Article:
April 20, 2015 Opportunity

Video: Starbucks Partners Share Emotional Stories about Race

In Starbucks 10th forum to discuss racial inequality in America, dozens of partners (employees) shared their personal stories and expressed gratitude for the company's willingness to hold conversations that foster better empathy and understanding of one another. 


An elderly white couple, who regularly visited a Colorado Starbucks store over the past few years, refused to be served by black baristas. They were raised during a time period in America when people of different races were segregated. 

“What I love about our company is that we have the freedom to go beyond our counter, and step to the other side and sit down and have coffee with the white couple that did not accept me at first,” said a Starbucks partner (employee), who talked about breaking down stereotypes in a forum with her peers in Atlanta.

After sharing her upbringing with the couple and having regular conversations with them, she witnessed a significant change in their behavior. “Now they come in just to see me and bring me birthday cards,” she said.

Her story is one of the hundreds that have been shared across the U.S. with Starbucks partners in meetings called Partner Open Forums – employee gatherings to discuss topics relevant to the company's business. Starbucks chairman and ceo Howard Schultz initiated the first Partner Open Forum discussing racial tension in America on December 10, 2014. He has led similar conversations in Oakland, St. Louis, New York, Los Angeles, Chicago, Houston, Milwaukee, and most recently in Atlanta to discuss what he calls the “tragic injustice” of racial inequality.

“This issue, above all else, is the social challenge of America,” Schultz said. “When we are witnessing something that we know is wrong with the country - wrong with humanity - we can do something about it.”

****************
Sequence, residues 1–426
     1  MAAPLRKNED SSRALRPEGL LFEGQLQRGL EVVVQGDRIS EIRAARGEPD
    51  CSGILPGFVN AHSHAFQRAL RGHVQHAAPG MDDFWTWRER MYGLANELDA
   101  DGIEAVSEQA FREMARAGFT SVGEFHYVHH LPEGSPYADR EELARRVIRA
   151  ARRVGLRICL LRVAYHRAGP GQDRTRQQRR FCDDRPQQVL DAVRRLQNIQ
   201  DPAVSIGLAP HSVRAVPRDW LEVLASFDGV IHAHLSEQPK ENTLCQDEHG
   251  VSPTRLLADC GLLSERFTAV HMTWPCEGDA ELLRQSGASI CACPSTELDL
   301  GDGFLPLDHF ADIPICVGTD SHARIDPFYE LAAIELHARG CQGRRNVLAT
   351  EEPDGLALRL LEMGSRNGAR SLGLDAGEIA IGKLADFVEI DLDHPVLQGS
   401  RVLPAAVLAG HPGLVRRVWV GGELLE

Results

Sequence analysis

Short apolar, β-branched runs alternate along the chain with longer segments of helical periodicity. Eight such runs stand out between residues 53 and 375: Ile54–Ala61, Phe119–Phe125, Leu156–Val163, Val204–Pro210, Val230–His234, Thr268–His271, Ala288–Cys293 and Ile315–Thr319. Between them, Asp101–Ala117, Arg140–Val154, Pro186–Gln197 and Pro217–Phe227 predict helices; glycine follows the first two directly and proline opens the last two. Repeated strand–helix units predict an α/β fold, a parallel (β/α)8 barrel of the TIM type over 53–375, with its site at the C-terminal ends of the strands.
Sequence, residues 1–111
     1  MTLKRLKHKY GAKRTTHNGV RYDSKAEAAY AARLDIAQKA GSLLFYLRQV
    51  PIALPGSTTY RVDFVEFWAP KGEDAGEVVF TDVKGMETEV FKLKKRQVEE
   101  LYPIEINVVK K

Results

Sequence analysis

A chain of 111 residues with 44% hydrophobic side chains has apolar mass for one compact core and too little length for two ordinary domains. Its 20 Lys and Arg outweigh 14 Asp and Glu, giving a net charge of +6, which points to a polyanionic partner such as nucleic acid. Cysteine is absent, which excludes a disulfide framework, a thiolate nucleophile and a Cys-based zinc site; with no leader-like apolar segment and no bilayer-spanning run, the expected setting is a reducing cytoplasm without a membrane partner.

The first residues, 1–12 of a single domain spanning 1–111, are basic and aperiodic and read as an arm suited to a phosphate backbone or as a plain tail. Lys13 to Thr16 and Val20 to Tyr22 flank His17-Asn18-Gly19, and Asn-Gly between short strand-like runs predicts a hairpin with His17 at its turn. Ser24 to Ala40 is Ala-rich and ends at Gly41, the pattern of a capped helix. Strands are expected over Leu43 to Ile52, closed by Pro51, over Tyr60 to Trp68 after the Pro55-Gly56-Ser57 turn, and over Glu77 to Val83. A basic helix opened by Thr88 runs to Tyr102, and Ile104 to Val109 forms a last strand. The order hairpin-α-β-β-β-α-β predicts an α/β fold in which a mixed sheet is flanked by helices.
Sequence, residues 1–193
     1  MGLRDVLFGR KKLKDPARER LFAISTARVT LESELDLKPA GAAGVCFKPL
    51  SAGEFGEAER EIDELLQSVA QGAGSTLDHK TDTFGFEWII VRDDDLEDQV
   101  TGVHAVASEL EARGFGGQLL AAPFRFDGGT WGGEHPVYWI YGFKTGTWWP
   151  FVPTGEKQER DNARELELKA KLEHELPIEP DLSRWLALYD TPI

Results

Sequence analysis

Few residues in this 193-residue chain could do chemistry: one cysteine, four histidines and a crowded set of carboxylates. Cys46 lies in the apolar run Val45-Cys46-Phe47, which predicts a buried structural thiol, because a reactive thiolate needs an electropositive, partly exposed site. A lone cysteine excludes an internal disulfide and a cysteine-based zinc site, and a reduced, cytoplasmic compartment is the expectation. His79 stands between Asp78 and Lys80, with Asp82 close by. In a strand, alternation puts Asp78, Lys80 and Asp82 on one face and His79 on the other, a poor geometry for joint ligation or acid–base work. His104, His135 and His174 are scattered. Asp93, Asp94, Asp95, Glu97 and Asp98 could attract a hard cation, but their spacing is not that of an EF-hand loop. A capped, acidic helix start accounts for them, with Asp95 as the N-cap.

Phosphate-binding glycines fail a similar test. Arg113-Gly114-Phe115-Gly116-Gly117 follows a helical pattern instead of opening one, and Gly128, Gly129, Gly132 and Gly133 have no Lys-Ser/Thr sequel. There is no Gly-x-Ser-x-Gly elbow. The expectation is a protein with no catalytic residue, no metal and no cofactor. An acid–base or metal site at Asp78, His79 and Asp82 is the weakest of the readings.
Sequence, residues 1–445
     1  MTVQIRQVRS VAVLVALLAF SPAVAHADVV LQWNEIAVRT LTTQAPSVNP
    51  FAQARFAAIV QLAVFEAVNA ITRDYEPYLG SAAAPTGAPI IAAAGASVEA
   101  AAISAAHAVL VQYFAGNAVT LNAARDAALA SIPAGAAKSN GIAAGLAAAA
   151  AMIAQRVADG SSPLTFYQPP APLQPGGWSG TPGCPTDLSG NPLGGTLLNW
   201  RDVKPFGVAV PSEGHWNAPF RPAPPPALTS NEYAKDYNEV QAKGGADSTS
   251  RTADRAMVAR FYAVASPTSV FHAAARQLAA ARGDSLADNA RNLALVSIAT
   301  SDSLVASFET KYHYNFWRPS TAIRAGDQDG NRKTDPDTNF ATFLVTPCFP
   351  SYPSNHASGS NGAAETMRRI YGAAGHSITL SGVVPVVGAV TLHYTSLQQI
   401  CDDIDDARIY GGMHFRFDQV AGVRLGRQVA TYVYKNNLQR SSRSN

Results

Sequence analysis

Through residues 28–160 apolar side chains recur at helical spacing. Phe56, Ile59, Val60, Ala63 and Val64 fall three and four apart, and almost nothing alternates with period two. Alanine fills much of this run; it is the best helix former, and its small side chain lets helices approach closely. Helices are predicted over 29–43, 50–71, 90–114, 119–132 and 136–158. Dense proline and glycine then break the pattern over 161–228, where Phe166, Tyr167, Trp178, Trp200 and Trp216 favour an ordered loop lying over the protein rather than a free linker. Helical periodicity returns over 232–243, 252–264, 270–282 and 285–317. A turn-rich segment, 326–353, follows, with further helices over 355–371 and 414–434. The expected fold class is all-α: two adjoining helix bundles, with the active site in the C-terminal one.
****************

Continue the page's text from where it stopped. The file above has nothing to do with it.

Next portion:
For Schultz, the issue is personal.

“I grew up in the projects in federally subsidized housing. I knew what it was like then, and I know what it’s like now to feel the shame and vulnerability and the scars of a poor kid and what it was like to look over the train tracks and see others who have more and realize that for whatever reason our station in life was not like theirs,” Schultz told partners.

He described how his life changed, “through the grace of God” despite odds that were "beyond comprehension," because he believed in the American dream. The American dream, he said, has to be available for everyone.

“I promise you we are going to do everything we can as a company to continue the conversation, and to fight for the people whose voices are not being heard," said Schultz.

In Atlanta, dozens of partners shared personal experiences. Many partners tearfully talked about beliefs they were raised with and are trying to change. They also expressed gratitude for Starbucks willingness to hold conversations that foster better empathy and understanding of one another.

“From the day that I started to this very day, I have one word that resonates through me and it is ‘home,'" said one partner. “I take pride in the fact that I work for a company who makes such strides in society. It knocks on the door that no one wants to knock on; touches the topic that no one wants to speak on.”

Starbucks will hold several additional Partner Open Forums in cities across the U.S. in the months ahead. 


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